Neeti BiyaniMay 28, 2021 14:12:00 IST
On 26 May, WhatsApp sued the Indian government over traceability requirements prescribed in the new Intermediary Guidelines (notified by the Ministry of Electronics and Information Technology in February 2021). While the government’s goal to regulate social media intermediaries and prevent crime is important, the Facebook-owned private messaging service has valid concerns regarding traceability requirements and its impact on users’ privacy and security. Cybersecurity experts have made it clear that traceability is incompatible with end-to-end encryption, and that any threats to strong encryption will put citizens — especially women, children and other vulnerable groups — in greater danger.
The pandemic has made more and more people rely on the Internet for a range of activities, which makes questions over digital security and privacy more important than ever. Messaging services such as WhatsApp and Signal have over half a billion users in India and rely on end-to-end encryption – the gold standard for keeping Internet users and systems secure. This ensures no one apart from the sender and receiver of the information will be able to decrypt and read it, thus keeping communication private and inaccessible to outside parties.
While the government has re-asserted that it does not seek to target or undermine encryption by requiring intermediaries to trace the first originator of a message linked to serious offences, cybersecurity experts and digital rights organisations in India and abroad have pointed out it is simply not possible for messaging services to identify the first originator without undermining end-to-end encryption.
Trying to weed out child sexual abuse material and illegal activity that threatens the sovereignty and integrity of India is important. However, the government is ignoring the fact that any method that allows a third-party to associate users with specific content in an end-to-end encrypted system weakens the security of law-abiding citizens and the Internet at large.
In some ways, the ability to link any user to any content is worse than providing no encryption at all, as it gives citizens a false sense of security, and they might actually face risks they have no knowledge of. Criminals could gain access to this information and track down specific users. ‘Trusted parties’ could also abuse the system and use it to target their opposition. Portions of private communication linking users to embarrassing (but not illegal) content could also be exposed. Similarly, criminals will move to services outside of the Indian jurisdiction, which are not required to implement traceability. In all these situations, law enforcement loses the advantage it set out to create for itself and ends up leaving everyone at risk.
Law enforcement agencies have plenty of other ways to investigate crime without tracing the source of encrypted content – such as open-source intelligence including publicly-available information on social media sites, evidence from witnesses or accomplices, and communications metadata.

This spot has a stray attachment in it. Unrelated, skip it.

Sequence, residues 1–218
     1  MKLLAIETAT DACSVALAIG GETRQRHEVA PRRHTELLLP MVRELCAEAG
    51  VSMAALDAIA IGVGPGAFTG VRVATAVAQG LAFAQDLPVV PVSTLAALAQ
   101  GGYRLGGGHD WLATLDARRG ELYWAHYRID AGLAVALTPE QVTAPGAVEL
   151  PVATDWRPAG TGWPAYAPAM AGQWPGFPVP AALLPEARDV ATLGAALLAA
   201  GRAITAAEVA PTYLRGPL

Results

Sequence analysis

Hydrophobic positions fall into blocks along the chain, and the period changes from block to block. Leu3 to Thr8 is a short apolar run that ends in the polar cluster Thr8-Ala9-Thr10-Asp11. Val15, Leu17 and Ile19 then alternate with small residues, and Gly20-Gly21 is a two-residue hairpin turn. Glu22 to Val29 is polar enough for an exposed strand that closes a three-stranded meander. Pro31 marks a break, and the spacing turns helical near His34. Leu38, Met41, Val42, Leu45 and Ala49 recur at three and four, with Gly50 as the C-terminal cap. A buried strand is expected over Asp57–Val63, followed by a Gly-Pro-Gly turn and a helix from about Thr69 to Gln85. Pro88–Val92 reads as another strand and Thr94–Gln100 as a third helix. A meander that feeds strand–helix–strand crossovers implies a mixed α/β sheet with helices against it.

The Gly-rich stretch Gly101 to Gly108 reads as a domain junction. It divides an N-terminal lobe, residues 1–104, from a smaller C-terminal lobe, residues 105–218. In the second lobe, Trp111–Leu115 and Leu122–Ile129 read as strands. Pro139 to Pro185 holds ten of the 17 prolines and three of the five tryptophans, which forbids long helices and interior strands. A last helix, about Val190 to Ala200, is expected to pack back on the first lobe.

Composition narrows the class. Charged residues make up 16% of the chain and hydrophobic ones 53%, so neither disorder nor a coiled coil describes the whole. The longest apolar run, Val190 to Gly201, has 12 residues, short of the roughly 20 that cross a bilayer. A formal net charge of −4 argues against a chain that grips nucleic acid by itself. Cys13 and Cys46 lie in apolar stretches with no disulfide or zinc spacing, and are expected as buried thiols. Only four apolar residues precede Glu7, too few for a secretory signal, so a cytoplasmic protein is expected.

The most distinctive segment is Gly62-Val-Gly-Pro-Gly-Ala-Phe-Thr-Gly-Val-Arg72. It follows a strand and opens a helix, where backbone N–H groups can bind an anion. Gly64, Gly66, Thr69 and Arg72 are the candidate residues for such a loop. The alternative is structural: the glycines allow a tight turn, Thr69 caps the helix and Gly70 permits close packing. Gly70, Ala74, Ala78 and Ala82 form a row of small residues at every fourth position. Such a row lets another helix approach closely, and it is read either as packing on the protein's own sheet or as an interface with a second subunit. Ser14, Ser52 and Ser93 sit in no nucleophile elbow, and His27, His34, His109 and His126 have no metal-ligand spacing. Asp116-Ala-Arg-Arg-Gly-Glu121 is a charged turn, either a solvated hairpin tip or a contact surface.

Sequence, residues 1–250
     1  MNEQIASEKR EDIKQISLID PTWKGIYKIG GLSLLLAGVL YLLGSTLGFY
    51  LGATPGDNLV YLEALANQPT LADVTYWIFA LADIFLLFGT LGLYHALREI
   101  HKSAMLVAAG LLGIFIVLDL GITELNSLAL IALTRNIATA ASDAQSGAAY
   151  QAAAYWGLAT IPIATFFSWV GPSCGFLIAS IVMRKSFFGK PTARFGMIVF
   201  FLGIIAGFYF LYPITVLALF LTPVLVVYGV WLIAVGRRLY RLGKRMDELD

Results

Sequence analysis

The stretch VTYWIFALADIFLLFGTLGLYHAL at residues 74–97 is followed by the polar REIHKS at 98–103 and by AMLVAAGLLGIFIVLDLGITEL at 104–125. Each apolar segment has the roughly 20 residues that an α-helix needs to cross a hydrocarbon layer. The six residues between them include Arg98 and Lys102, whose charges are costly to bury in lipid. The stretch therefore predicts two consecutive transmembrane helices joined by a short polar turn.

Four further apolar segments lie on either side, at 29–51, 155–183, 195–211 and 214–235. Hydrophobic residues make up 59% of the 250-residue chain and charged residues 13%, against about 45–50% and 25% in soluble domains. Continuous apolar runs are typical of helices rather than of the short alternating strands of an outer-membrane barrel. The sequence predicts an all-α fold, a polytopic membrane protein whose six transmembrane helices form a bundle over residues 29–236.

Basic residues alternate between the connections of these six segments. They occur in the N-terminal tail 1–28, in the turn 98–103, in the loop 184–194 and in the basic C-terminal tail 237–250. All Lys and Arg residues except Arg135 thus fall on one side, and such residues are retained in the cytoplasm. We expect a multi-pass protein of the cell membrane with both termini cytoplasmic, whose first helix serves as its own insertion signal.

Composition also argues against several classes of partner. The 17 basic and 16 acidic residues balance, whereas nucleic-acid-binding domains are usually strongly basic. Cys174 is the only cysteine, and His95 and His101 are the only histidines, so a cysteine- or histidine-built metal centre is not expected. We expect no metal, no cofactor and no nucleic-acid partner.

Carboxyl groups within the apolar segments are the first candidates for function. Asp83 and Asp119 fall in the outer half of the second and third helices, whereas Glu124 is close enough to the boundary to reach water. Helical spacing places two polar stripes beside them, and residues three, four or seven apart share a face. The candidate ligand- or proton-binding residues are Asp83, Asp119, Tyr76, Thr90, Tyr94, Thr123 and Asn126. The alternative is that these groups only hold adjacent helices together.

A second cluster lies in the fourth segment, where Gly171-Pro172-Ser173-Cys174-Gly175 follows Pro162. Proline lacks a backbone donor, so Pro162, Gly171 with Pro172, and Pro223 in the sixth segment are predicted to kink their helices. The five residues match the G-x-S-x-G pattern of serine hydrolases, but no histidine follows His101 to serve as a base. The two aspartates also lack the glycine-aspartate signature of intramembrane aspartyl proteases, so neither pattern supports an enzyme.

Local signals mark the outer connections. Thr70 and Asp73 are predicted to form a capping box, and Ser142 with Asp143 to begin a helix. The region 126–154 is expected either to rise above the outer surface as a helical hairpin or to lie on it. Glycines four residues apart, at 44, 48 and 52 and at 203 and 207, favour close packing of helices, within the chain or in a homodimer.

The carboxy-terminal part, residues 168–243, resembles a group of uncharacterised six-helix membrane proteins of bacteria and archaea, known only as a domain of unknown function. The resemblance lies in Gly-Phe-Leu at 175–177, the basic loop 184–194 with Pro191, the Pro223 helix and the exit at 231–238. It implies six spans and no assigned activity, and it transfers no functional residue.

Further, the spread of disinformation through social media is not a problem unique to India. It is not an issue that arose due to encryption – it is a social issue motivated by human behaviour. The way to tackle this is by ensuring timely and accessible availability of trusted, verified information in local languages, along with education to help users identify misinformation. This would discourage people from consuming and further disseminating disinformation, and limit ‘spam’. In fact, this trusted information is best delivered via end-to-end encrypted services where the integrity of the information can be preserved. Thus, encryption does not need to be undermined to root out fake news; doing so would threaten various other activities that people carry out over encrypted platforms.
While preventing crime and keeping people safe is a universal priority, this debate is not about privacy versus security. People across the world are more secure because of end-to-end encryption. Weakening encrypted systems to prevent crime is like solving one problem by creating a thousand more – the same as banning cars from the road because criminals use cars. Undermining end-to-end encrypted services establishes a dangerous precedent that would invite and encourage potential criminal activity, with devastating consequences for the safety and security of millions of citizens.
The government, by demanding traceability, is compelling end-to-end encrypted services to undermine encryption without explicitly telling them to do so. This may lead services and platforms to stop offering end-to-end encrypted services or pull out of Indian markets altogether.
Encryption is our strongest digital tool to keep people, their data and the country overall safe online. The Intermediary Guidelines have the potential to trigger grave, unintended consequences to the security of the Internet, and the Indian government should revisit its requirement of tracking content originators.
The author is Policy and Advocacy Manager at the Internet Society and is based in New Delhi. Internet Society is a global non-profit organization empowering people to keep the Internet a force for good: open, globally connected, secure and trustworthy.